|Minister defends mining fees|
|Saturday, 28 July 2012 20:15|
MINES and Mining Development Minister, Dr Obert Mpofu, has defended the increase of royalties paid to the Government and administrative fees in the mining sector saying the decision was made for the good purpose of meeting national expectations.
Speaking at the official opening of Mine Entra last week, Dr Mpofu said the review was done after extensive consultations and for the industry’s sustainability. I am aware that stakeholders have raised concerns on the increase of royalties and administrative fees in the industry. I would like, therefore, to assure you all that these increases were arrived at after extensive consultations and were done for the good purpose of meeting national expectations and industry’s sustainability,” said Dr Mpofu.
Dr Mpofu was responding to concerns by the Chamber of Mines and other stakeholders with the adverse effects the hiking of fees might have on the sector.
In a speech read on his behalf, chamber president, Mr Winston Chitando, said the miners were recommending Government to put on hold proposed charges because of the strong negative impact in the future.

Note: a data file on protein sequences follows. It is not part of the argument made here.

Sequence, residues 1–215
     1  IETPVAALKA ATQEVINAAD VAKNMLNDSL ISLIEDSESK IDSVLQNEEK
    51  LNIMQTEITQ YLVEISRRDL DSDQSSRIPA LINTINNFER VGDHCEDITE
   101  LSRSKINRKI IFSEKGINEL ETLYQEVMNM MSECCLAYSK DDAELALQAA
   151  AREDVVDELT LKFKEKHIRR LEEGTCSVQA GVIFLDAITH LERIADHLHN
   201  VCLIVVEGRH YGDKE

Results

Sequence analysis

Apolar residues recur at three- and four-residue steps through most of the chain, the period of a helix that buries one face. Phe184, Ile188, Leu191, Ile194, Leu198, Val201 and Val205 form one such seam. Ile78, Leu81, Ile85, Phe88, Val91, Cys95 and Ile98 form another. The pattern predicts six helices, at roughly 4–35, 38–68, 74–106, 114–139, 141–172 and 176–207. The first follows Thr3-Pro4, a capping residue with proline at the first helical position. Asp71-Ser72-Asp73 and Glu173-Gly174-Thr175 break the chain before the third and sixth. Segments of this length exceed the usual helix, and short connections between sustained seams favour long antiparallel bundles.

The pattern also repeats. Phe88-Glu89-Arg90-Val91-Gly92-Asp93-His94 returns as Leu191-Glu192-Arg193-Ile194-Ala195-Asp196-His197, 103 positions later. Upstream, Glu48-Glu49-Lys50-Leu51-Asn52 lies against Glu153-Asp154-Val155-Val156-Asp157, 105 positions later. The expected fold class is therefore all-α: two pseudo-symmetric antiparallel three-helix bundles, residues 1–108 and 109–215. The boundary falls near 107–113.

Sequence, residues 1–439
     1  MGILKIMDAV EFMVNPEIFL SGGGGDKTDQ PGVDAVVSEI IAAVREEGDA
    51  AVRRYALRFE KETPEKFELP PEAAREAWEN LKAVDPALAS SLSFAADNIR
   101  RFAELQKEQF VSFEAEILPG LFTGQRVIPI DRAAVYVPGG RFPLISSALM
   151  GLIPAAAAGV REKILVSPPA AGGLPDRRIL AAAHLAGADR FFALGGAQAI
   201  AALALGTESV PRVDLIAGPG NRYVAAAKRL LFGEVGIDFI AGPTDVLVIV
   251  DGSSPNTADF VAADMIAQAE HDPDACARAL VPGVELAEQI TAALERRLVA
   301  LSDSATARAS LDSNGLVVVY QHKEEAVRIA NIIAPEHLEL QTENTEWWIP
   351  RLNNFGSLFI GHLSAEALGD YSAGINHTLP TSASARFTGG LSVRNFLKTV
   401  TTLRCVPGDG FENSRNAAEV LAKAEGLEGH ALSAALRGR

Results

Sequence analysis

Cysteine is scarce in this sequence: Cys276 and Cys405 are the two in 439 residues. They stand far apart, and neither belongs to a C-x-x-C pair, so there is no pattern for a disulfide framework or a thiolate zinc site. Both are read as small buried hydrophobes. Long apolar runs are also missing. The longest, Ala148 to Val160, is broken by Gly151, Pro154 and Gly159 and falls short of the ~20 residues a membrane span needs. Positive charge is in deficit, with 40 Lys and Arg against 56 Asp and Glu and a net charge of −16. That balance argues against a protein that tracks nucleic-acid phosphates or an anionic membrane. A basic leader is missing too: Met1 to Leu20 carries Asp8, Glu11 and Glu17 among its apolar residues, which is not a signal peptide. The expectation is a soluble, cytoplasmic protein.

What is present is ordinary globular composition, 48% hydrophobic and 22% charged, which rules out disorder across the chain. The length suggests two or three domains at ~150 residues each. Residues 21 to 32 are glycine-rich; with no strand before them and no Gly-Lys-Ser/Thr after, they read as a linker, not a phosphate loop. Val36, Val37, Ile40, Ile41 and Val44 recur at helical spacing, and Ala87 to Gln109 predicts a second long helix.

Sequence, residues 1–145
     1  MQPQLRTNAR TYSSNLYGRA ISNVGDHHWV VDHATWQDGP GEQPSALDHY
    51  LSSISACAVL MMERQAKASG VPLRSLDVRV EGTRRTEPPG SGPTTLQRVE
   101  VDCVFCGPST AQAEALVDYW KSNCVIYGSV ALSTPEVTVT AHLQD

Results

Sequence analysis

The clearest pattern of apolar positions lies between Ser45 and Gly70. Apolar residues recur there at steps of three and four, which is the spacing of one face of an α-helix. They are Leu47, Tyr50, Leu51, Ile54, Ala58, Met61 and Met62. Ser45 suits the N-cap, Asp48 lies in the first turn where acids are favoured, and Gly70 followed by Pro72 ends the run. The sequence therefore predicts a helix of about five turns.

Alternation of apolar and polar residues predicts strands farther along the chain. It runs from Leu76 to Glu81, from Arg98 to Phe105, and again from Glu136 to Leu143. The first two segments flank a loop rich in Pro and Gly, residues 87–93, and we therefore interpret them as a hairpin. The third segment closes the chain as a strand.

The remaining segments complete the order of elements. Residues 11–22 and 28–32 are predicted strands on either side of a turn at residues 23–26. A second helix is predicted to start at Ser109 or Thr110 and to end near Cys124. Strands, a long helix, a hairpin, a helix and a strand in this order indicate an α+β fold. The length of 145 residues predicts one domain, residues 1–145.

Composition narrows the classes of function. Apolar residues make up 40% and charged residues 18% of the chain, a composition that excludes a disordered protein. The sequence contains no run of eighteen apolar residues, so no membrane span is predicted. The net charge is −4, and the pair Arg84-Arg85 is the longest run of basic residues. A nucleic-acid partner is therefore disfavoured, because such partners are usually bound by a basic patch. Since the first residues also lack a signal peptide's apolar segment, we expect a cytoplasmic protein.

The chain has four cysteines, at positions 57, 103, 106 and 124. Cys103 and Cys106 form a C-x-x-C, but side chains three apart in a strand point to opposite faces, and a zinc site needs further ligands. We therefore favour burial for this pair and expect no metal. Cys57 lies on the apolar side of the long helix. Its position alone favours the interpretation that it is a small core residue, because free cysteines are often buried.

“The royalties’ rate increases are too high and will affect the sector as well as increase the cost of production and this will in turn affect the projected growth that was outlined in the MTP 2011-2015,” he said.
The Permanent Secretary in the Ministry of Mines and Mining Development, Mr Prince Mupazviriho, said the ministry was ready to engage the Chamber on their recommendations and propositions and suggested that they meet and discuss the issues in order to reach an understanding.
“We are aware of the concerns of the Chamber and as a ministry we are willing to listen to their propositions. I suggest we meet next week in Harare,” he said.
According to the Chamber of Mines, the MTP had projected that in 2012, the sector would record a 20 percent growth but due to constraints that figure has been revised downwards to 13 percent, 2013 was 18 percent but now at 12 percent while 2014 was 19 percent but is now pegged at 9 percent and in 2015 the growth was projected at 8 percent but is now at 5 percent.
The miners also complained that the country’s labour laws were skewed towards the employees further increasing the costs of production.
“The costs of retrenchment are expensive and the laws are in favour of the employees and this affects the final product,” said one representative of the mining industry.